The Black Death 700 years ago affects your health now

Up to half of people died when the Black Death swept through Europe in the mid-1300s.

A pioneering study analysing the DNA of centuries-old skeletons found mutations that helped people survive the plague.

But those same mutations are linked to auto-immune diseases afflicting people today.

The Black Death is one of the most significant, deadliest and bleakest moments in human history. It is estimated that up to 200 million people died.

Researchers suspected an event of such enormity must have shaped human evolution. They analysed DNA taken from the teeth of 206 ancient skeletons and were able to precisely date the human remains to before, during or after the Black Death.

The analysis included bones from the East Smithfield plague pits which were used for mass burials in London with more samples coming from Denmark.
The standout finding, published in the journal Nature, surrounded mutations in a gene called ERAP2.

If you had the right mutations you were 40% more likely to survive the plague.

“That’s huge, it’s a huge effect, it’s a surprise to find something like that in the human genome,” Professor Luis Barreiro, from the University of Chicago, told me.

The gene’s job is to make the proteins that chop up invading microbes and show the fragments to the immune system, priming it more effectively to recognise and neutralise the foe.

The gene comes in different versions – those that work well and those that do nothing – and you get a copy from each parent.

So the lucky ones, who were most likely to survive, inherited a high-functioning version from mum and dad.

And the survivors had children and so passed those helpful mutations on so they suddenly became much more common.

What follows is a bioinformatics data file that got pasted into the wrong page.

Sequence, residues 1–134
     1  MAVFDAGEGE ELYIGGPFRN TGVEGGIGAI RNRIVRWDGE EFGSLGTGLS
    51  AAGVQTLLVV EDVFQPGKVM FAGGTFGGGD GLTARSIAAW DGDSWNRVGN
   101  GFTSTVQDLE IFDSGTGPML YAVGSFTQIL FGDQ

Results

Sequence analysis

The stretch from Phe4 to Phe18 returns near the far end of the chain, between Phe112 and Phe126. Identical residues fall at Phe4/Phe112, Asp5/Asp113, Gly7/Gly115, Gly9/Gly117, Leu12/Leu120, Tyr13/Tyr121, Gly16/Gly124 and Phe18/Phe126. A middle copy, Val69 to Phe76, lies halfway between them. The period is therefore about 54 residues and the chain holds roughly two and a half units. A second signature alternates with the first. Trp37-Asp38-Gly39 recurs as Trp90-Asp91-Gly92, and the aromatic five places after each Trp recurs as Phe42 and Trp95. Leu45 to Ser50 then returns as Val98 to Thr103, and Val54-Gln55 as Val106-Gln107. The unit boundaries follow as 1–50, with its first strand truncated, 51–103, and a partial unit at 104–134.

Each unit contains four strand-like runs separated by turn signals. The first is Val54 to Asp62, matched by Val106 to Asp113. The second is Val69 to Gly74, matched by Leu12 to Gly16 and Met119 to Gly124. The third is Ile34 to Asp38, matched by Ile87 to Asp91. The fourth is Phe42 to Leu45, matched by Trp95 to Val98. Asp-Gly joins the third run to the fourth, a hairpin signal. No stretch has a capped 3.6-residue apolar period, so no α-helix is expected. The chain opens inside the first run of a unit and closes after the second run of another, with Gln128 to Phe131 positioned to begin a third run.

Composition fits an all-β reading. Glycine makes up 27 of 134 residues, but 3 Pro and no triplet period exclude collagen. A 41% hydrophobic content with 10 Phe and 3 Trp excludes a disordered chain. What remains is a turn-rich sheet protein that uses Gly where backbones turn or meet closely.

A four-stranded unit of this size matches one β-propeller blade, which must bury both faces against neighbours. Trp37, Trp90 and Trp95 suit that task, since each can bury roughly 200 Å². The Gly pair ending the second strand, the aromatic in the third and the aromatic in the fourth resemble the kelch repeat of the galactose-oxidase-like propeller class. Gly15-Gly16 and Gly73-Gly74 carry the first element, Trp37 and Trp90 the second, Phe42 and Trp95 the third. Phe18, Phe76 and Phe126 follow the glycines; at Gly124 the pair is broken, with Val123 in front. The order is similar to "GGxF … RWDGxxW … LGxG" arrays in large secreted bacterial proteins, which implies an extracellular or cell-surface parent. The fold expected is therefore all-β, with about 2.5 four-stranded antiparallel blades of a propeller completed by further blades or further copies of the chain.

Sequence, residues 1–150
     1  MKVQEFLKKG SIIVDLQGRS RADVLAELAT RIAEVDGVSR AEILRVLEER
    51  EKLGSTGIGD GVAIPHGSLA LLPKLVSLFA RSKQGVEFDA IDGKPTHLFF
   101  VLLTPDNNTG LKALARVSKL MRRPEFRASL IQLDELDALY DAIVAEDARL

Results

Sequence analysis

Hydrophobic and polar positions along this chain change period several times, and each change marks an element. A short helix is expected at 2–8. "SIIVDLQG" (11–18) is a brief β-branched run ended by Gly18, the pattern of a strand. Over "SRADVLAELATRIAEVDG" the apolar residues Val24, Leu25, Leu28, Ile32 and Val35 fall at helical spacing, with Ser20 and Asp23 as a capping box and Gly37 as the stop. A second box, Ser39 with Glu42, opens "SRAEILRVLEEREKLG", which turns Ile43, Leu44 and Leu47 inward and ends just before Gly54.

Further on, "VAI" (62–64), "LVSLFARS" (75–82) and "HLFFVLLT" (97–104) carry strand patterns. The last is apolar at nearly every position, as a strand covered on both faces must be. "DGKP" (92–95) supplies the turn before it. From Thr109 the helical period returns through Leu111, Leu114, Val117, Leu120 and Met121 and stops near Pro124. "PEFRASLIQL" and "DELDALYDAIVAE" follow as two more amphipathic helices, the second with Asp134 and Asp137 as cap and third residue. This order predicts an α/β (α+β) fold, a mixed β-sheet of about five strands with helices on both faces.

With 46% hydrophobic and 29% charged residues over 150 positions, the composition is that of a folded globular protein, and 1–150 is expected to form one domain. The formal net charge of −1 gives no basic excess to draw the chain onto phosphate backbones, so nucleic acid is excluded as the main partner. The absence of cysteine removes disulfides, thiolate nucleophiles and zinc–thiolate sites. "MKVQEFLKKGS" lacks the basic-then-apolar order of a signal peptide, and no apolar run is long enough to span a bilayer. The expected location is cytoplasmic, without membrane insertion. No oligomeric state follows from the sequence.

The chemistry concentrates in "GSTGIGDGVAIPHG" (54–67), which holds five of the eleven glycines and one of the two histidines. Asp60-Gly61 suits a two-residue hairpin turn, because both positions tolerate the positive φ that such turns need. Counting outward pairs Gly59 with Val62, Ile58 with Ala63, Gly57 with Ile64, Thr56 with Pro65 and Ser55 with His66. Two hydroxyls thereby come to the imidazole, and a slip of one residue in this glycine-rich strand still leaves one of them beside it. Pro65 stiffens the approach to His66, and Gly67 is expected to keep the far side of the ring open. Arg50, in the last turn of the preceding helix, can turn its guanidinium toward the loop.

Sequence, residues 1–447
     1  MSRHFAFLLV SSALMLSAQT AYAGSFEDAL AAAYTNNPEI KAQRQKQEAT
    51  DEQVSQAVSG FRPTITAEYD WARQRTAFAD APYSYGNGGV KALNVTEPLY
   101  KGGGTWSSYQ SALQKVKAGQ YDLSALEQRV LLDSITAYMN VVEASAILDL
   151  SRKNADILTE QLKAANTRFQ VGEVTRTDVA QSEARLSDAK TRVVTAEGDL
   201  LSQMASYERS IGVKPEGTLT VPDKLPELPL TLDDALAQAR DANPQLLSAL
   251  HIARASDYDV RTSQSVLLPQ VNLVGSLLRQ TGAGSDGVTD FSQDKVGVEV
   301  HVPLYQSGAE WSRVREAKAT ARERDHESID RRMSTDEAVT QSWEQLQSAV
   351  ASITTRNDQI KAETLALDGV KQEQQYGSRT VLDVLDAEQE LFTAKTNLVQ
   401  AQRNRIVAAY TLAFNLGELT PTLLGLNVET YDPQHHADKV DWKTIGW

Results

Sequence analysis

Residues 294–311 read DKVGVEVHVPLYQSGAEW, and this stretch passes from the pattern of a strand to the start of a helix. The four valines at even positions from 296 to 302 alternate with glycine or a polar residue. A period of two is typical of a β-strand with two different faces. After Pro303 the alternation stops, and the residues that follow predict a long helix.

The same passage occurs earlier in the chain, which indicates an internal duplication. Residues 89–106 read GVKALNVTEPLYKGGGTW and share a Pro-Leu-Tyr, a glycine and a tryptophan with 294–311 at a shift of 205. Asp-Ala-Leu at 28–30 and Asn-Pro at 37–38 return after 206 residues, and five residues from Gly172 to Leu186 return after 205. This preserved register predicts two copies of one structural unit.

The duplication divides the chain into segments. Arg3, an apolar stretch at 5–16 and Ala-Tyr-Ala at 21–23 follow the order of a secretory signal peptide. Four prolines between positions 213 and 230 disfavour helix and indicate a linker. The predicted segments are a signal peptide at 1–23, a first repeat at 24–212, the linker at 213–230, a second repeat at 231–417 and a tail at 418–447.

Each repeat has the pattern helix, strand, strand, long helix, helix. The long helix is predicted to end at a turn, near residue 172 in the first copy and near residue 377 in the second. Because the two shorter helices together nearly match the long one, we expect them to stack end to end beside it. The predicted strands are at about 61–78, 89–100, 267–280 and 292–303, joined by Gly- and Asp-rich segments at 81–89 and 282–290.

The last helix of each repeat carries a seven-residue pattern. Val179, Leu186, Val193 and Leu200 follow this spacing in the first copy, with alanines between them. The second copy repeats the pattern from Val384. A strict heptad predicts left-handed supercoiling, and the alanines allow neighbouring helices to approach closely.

“It’s huge we see a 10% shift over two to three generations, it’s the strongest selection event in humans to date,” evolutionary geneticist Professor Hendrik Poinar, from McMaster University, told me.

The results were confirmed in modern day experiments using the plague bacterium – Yersinia pestis. Samples of blood from people with the helpful mutations were more able to resist the infection than those without.

“It’s like watching the Black Death unfold in a petri-dish – that’s eye-opening,” said Prof Poinar.

Even today those plague-resisting mutations are more common than they were before the Black Death.

The problem is they have been linked to auto-immune diseases such as the inflammatory bowel disease Crohn’s – what helped keep your ancestors alive 700 years ago but could be damaging your health today.

Other historic forces on our DNA have a legacy we feel. Around 1-4% of modern human DNA comes from our ancestors mating with Neanderthals and this inheritance affects our ability to respond to diseases including Covid.

“So those scars from the past still impact our susceptibility to disease today, in a quite remarkable way,” said Prof Barreiro.
Prof Barreiro said the 40% survival advantage was the “strongest selective fitness effect ever estimated in humans”. It seemingly dwarfs the benefit of HIV-resistance mutations or those that help digest milk – although he warns direct comparisons are tricky.

The Covid pandemic will not leave a similar legacy though.

Evolution works through your ability to reproduce and pass on your genes. Covid largely kills the elderly who have already passed the point of having children.

It was plague’s ability to kill across the age spectrum and in such great numbers that meant it had such a lasting impact.